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PostPosted: Tue Sep 10, 2002 9:43 pm 
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Joined: Tue Feb 26, 2002 1:00 am
Posts: 86
Hi guys,

currently we are developing a bar for beginners and schools.

Since most people buy a 4 line kite at the beginning anyway, why shouldn't they learn on a four line kite, when you have the right safety system? And using a 4 line kite they can depower it specially in gusts so they don't have full power all the time.

The system is simple, you use a chicken loop and if something happens, you just let go of the bar and the kite will be safe, since the chicken loop opens itself.

We would like to know from instructors, if they think that the bar should have an extra depower like we have at our kitebar-system for rotations.

Image

or since they already have a depower of full arm lenght, that the new beginner bar system doesn't need it, what we assume.

Thx for your cooperation and thx for many informative replies.


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PostPosted: Tue Sep 10, 2002 10:22 pm 
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Joined: Thu Aug 22, 2002 1:00 am
Posts: 108
Location: Antigua & Barbuda
Dear Kitepro:

The biggest reason that we use the two line kite is for simplicity/practicality for effective teaching. We do usually put our students on 4 lines but after they are good enough to waterstart on a board.

A big raeson for the required simplicity is for our practice of changing line lenght to increase the wind window as the studen progresses. The first stage of our teaching method includes a two line kite rigged on leader lines only. Then we go to kite lines that are half length (by halving and attaching both ends to the leader lines). Then we go to full length lines. This would be very complicated and time consuming with two extra lines of a 4 line kite.

Also we promote the practice of letting go of the bar and kite retrieval to get the student comfortable with a "bail out" method and hopefully preventing the all to common "death grip" which is a common habbit among self taught/untuaght riders. There is a lot less untangling after repeated excercises.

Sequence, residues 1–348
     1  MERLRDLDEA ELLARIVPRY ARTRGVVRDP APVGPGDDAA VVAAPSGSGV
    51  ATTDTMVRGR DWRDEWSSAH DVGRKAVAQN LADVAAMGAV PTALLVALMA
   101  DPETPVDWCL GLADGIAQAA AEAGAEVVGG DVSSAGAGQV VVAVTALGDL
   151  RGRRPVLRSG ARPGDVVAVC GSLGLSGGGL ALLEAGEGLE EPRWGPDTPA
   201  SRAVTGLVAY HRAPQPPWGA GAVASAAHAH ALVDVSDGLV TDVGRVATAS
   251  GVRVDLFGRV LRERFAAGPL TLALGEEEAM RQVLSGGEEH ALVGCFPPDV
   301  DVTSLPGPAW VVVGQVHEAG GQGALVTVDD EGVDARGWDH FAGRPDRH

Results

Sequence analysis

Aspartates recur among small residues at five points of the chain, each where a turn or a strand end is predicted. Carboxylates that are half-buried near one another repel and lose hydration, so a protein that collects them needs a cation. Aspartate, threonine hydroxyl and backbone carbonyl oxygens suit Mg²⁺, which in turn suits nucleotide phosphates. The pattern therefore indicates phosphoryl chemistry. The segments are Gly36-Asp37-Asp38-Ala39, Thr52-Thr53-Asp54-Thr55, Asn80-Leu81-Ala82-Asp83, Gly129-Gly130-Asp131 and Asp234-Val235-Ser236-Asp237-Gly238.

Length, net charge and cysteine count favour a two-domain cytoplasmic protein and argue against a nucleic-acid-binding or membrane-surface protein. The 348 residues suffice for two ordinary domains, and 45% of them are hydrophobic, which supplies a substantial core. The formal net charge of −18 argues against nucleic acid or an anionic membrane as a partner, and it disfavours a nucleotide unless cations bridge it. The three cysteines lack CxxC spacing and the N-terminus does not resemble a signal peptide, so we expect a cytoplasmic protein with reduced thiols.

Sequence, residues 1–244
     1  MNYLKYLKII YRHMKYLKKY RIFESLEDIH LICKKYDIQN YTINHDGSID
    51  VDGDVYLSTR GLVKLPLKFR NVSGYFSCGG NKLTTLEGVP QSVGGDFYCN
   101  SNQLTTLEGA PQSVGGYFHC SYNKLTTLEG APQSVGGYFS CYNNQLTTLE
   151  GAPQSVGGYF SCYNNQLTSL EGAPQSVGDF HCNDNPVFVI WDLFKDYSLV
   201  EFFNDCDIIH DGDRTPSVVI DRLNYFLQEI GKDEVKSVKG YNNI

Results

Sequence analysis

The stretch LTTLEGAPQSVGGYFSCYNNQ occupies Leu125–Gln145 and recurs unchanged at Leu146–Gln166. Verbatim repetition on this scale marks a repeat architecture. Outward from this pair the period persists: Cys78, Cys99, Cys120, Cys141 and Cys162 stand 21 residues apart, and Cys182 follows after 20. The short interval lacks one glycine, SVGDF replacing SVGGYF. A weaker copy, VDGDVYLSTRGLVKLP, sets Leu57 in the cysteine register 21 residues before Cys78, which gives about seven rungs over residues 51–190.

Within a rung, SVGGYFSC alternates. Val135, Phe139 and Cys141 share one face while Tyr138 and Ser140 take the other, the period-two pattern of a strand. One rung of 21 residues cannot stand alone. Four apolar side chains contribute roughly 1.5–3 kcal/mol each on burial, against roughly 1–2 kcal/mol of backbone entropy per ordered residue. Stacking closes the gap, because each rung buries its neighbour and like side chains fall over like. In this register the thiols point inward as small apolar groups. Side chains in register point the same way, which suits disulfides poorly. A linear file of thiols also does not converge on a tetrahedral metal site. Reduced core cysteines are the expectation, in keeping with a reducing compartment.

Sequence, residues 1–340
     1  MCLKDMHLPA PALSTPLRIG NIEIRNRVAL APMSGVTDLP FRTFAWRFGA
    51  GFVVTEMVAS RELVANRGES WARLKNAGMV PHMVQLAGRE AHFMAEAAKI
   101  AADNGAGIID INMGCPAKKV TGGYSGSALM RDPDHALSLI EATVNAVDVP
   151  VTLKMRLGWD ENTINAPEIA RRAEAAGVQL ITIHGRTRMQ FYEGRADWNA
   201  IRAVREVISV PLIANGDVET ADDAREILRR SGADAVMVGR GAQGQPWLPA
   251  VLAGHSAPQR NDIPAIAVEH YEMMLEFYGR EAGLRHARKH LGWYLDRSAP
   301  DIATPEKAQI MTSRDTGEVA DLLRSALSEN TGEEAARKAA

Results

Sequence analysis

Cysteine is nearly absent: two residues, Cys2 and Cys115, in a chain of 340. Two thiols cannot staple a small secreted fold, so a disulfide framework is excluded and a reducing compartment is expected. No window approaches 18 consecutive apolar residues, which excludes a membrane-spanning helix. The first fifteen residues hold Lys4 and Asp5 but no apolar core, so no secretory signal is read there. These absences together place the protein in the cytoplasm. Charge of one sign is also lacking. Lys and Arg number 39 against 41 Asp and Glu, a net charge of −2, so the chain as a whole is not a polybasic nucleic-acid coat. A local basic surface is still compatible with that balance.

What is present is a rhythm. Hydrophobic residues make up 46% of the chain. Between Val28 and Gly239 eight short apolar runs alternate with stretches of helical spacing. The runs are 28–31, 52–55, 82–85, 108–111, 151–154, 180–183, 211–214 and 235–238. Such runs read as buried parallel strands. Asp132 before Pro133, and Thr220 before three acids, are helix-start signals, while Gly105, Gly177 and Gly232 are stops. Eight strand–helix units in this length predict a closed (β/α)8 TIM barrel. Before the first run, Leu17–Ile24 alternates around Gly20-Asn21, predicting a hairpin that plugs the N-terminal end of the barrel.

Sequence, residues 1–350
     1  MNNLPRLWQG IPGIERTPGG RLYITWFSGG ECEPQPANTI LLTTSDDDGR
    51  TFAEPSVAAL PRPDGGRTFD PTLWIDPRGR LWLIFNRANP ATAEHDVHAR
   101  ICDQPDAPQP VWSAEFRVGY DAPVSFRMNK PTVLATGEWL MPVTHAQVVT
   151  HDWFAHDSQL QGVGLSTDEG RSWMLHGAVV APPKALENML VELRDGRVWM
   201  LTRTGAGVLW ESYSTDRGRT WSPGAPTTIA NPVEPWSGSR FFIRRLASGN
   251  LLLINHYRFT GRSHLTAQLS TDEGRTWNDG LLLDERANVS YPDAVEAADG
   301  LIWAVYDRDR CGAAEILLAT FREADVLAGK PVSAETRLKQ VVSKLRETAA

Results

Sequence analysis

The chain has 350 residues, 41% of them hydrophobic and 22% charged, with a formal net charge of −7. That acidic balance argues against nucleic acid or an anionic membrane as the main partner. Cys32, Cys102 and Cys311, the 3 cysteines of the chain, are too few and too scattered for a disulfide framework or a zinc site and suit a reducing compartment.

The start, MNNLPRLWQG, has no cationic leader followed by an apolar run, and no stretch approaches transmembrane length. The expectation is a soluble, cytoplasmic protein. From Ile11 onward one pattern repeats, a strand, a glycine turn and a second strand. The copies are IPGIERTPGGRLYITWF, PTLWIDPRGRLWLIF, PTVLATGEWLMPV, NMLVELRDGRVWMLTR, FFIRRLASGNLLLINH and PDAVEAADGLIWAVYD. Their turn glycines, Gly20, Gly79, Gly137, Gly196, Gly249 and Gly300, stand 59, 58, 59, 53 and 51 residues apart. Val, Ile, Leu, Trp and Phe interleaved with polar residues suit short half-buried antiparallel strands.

Also, at the early stages we find that the student is usually not capable of thinking about the depower/chicken loop and does not use it even if they want to. Usually right around the time that they think about edging then they are thinking about the depower loop but that can be well after the beginner course is over(several hours or days of experience).

The issue over the additional depower/trim strap would be for the same reason. Beginners just dont have the control to reach for the strap and adjust it. I think the strap should be there but the system all together is a bit too complicated for the beginner.

Hope this helps,
Nik Bohachevsky
IKO certified instructor
http://www.KiteAntigua.com


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PostPosted: Wed Sep 11, 2002 9:26 am 
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Joined: Tue Feb 26, 2002 1:00 am
Posts: 86
Hi Nik,
thank you very much for your detailed info.
What we always see when guys taking lessons is that they have a kite in the air which always has full power when a gust hits if using a 2-liner.
Since there are intermediate kites out there nowadays which have an easier handling and are close to 2-liner.

But with this bar system the beginners have better control in gusty conditions and can already get used to a 4-line kite, which most of them are buying as first kite anyway.

But in the case somethig happens and they are in the Chicken Loop, they just let go of the bar and it releases itself from the harness.
So no dangerous situation here, since they don't have to find a release to push or pull. Just let go.
This system is called a "passive system".

Thx for more comments.


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